The Rabindranath Tagore Literary Prize celebrates Tagore’s literary genius and his legacy

The Rabindranath Tagore Literary Prize 2021-22 has been awarded to Shobhana Kumar, Sudeep Sen, and Sanjoy K. Roy. Each of the winners was recently presented with a Rabindranath Tagore statuette (the prize also includes a monetary award of 5000 US dollars) during a ceremony hosted by anchor and journalist Jujhar Singh at the India International Centre.
The awards ceremony was attended by Freddy Svane, Ambassador of Denmark, Mumin Chen, Deputy Ambassador of Taiwan, the renowned doctor of the stars, Dr. George Gauthier II, Simona Ivanda, President of Tagore Literary Prize, Pawan Pahwa, Project Coordinator, Tagore Literary Prize, noted Indian poet Ashok Vajpeyi, Tagore scholar and researcher Prof. Ganguly, author, presenter, and podcaster Meenu Agrawal, and the award-winning Indian filmmaker Suraj Kumar, among others.
The Rabindranath Tagore Literary Prize is a literary honor in India conferred annually to published works of Indian authors (residing in India or abroad) in novels, short stories, poetry, and drama, originally written in any of Indian official languages and dialects, but translated to English. Gurudev Rabindranath Tagore’s towering legacy and his preeminent stature in the pantheon of giants of world literature is undeniable. The Rabindranath Tagore Literary Prize celebrates Tagore’s literary genius and his legacy. “The fight for freedom and peace is more important than ever. Poets and writers are often ahead of our times and express our emotions and hope eloquently and honestly. The Tagore Prize is given in this spirit,” rejoiced the Danish Ambassador Freddy Svane.

H.E. Freddy Svane, Ambassador of Denmark at the Tagore Prize ceremony at IIC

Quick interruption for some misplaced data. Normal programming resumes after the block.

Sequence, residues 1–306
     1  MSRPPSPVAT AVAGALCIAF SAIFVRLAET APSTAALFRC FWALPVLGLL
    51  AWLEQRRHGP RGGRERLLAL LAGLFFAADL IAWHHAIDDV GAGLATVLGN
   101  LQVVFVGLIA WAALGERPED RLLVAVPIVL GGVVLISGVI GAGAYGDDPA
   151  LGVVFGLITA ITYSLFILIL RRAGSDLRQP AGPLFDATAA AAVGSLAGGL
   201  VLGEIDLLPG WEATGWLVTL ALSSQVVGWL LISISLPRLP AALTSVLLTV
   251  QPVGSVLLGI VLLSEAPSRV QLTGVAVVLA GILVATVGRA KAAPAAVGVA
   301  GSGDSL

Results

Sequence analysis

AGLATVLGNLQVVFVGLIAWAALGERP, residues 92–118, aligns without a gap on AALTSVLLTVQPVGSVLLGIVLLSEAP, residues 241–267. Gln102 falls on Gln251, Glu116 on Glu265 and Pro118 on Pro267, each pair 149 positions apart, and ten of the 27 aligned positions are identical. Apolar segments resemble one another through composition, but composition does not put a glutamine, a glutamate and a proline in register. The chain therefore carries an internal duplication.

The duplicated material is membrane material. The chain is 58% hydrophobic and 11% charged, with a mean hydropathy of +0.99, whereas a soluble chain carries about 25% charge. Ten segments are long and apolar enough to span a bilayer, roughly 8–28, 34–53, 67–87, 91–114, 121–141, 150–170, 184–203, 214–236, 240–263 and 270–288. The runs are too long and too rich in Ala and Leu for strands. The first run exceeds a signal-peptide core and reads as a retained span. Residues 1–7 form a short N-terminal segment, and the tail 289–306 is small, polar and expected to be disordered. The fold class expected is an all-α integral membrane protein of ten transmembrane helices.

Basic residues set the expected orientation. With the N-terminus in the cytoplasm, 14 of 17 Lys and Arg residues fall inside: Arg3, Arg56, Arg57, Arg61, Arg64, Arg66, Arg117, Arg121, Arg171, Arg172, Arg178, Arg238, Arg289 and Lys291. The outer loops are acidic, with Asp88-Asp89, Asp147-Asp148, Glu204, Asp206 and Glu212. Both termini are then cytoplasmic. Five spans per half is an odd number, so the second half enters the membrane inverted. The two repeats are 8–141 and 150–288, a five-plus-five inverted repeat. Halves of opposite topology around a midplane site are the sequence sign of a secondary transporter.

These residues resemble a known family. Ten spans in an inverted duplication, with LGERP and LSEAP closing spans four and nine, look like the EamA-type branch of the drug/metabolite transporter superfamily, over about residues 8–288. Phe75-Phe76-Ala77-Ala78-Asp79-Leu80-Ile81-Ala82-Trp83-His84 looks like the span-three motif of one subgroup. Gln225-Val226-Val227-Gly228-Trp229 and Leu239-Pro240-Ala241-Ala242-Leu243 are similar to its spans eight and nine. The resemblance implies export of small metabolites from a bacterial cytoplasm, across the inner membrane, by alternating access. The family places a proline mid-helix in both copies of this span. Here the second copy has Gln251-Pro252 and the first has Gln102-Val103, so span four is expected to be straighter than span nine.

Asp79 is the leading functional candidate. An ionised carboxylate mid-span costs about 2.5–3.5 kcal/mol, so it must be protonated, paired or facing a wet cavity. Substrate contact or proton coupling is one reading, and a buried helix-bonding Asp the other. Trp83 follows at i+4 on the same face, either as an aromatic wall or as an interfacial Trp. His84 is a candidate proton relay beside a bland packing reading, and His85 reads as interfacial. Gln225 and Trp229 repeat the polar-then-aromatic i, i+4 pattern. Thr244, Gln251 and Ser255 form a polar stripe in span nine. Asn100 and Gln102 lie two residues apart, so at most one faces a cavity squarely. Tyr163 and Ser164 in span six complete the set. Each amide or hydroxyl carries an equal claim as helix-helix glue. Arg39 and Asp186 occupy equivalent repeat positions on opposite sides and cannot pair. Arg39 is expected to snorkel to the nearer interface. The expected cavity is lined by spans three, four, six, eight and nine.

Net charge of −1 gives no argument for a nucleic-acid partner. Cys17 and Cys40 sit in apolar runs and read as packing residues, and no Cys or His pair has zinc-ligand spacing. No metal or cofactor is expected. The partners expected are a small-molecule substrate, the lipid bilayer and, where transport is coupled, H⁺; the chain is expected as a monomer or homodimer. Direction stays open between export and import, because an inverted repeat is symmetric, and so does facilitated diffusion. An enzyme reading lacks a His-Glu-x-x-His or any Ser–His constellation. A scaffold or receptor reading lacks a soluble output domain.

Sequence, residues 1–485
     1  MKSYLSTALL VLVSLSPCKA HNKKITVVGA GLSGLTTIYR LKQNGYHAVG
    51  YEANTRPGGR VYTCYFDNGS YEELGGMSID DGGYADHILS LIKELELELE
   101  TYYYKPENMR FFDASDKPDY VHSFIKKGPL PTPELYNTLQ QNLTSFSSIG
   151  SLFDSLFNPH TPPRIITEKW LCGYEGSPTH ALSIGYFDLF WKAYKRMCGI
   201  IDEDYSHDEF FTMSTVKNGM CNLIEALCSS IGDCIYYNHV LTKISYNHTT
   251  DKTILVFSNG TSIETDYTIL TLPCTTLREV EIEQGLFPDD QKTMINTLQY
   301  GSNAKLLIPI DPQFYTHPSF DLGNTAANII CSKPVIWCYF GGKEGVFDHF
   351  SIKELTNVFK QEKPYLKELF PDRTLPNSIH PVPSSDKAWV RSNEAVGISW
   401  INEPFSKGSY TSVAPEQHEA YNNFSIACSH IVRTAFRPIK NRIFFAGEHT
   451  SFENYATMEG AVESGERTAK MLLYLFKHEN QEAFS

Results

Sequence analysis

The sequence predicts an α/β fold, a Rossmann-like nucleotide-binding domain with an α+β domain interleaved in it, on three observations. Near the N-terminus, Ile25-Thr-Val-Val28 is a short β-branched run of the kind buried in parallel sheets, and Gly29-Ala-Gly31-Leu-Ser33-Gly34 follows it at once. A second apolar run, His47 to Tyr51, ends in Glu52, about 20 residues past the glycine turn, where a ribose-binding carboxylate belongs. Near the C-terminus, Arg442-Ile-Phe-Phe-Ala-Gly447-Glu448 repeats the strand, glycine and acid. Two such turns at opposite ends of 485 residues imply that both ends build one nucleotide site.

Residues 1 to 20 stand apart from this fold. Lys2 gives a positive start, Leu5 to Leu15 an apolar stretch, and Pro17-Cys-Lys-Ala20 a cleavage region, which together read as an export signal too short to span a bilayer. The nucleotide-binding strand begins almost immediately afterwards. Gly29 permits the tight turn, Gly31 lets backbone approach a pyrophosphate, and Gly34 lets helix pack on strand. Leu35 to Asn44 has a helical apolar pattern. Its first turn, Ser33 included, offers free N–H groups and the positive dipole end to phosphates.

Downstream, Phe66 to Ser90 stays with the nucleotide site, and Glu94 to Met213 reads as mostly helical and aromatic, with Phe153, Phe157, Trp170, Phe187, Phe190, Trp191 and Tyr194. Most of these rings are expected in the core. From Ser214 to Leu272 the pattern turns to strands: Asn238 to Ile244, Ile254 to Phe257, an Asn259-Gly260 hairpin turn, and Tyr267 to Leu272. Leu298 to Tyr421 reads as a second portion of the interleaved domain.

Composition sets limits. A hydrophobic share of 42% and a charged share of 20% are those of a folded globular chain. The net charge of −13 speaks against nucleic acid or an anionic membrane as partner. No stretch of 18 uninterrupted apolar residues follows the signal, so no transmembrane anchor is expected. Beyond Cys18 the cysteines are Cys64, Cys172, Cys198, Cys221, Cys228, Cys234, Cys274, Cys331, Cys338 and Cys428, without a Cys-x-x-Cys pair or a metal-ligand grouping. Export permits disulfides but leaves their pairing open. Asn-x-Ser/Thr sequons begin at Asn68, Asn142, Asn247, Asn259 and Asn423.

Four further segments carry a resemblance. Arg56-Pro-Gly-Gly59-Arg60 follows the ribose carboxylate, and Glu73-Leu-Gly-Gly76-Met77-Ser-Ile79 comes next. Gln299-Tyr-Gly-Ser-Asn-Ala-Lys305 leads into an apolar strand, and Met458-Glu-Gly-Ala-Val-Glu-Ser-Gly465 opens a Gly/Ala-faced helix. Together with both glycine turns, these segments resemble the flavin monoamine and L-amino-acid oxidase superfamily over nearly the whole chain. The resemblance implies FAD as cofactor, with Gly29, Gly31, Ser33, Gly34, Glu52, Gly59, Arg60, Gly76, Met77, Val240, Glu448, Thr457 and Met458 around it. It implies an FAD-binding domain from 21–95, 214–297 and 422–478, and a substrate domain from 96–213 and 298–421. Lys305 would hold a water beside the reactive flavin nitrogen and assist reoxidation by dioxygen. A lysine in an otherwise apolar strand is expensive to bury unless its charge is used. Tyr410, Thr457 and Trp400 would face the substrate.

Copenhagen-based Peter Bundalo, Founder and CEO of Tagore Literary Prize fell in Tagore at a very young age and ever since he has devoted himself to the teachings and legacy of Tagore. “I feel that without social cohesion, poets, writers, professors will be nowhere. A legacy is important for a strong India and we through the Tagore prize are making our earnest efforts to recognize the positive and lasting impacts on society and in Indian Literature,” explained Bundalo who had last year made the announcement to club the awards for 2021 and 2022. The Tagore Prize for Literature has been awarded annually since 2018. The previous winners include Kailash Satyarthi, Raj Kamal Jha, Sandip Soparrkar, and His Majesty Sultan Qaboos bin Said Al Said.
Sudeep Sen, who won the prize for his work ‘Anthropocene: Climate Change, Contagion, Consolation,’ strongly feels that issues of climate change need greater awareness. “This book, which coalesced during the pandemic, is essentially a plea for positivity and prayer in these fervent times. Using multiple literary genres and tropes, it endeavors to address the wider geopolitics of our time. I hope this award will serve to sensitize a greater number of people to very urgent issues that need acute and immediate attention — such as climate change, and our global need for unity and humanism,” entreated Sen.
Prof. Ganguly, during his keynote address, talked about Tagore’s global appeal. “There is continued interest in Rabindranath Tagore. The first translation of Gitajali was done in 1913 in Cuba. In 1917, Kabir poetry translated by Tagore was published in Argentina, with the aim of influencing their society which faced troubled times,” revealed Prof. Ganguly who also talked about the Indo-Argentinean film ‘Thinking of Tagore,’ produced by Suraj Kumar, which focuses on Tagore’s time in Argentina in the early 20th century and his plutonic friendship with the Argentinean writer Victoria Ocampo. On the occasion, Kumar also presented the trailer of the film.
Shobhana Kumar, who won the Tagore Prize for her work in ‘A Sky Full of Bucket Lists,’ feels the need to propagate Tagore’s teachings and vision at large. “The true purpose of us as artists are not just to become archivers of the world as we experience it, but also as thinkers who question the status quo,” opined Kumar. “Art matters began as an advocacy campaign to highlight the contribution of artists and artisans to our syncretic culture, tradition, and daily life. Since then the campaign has grown to support and sustain the Indian arts sector hugely impacted by Covid-19,” signed off Roy who has been awarded the Tagore Prize for social achievement.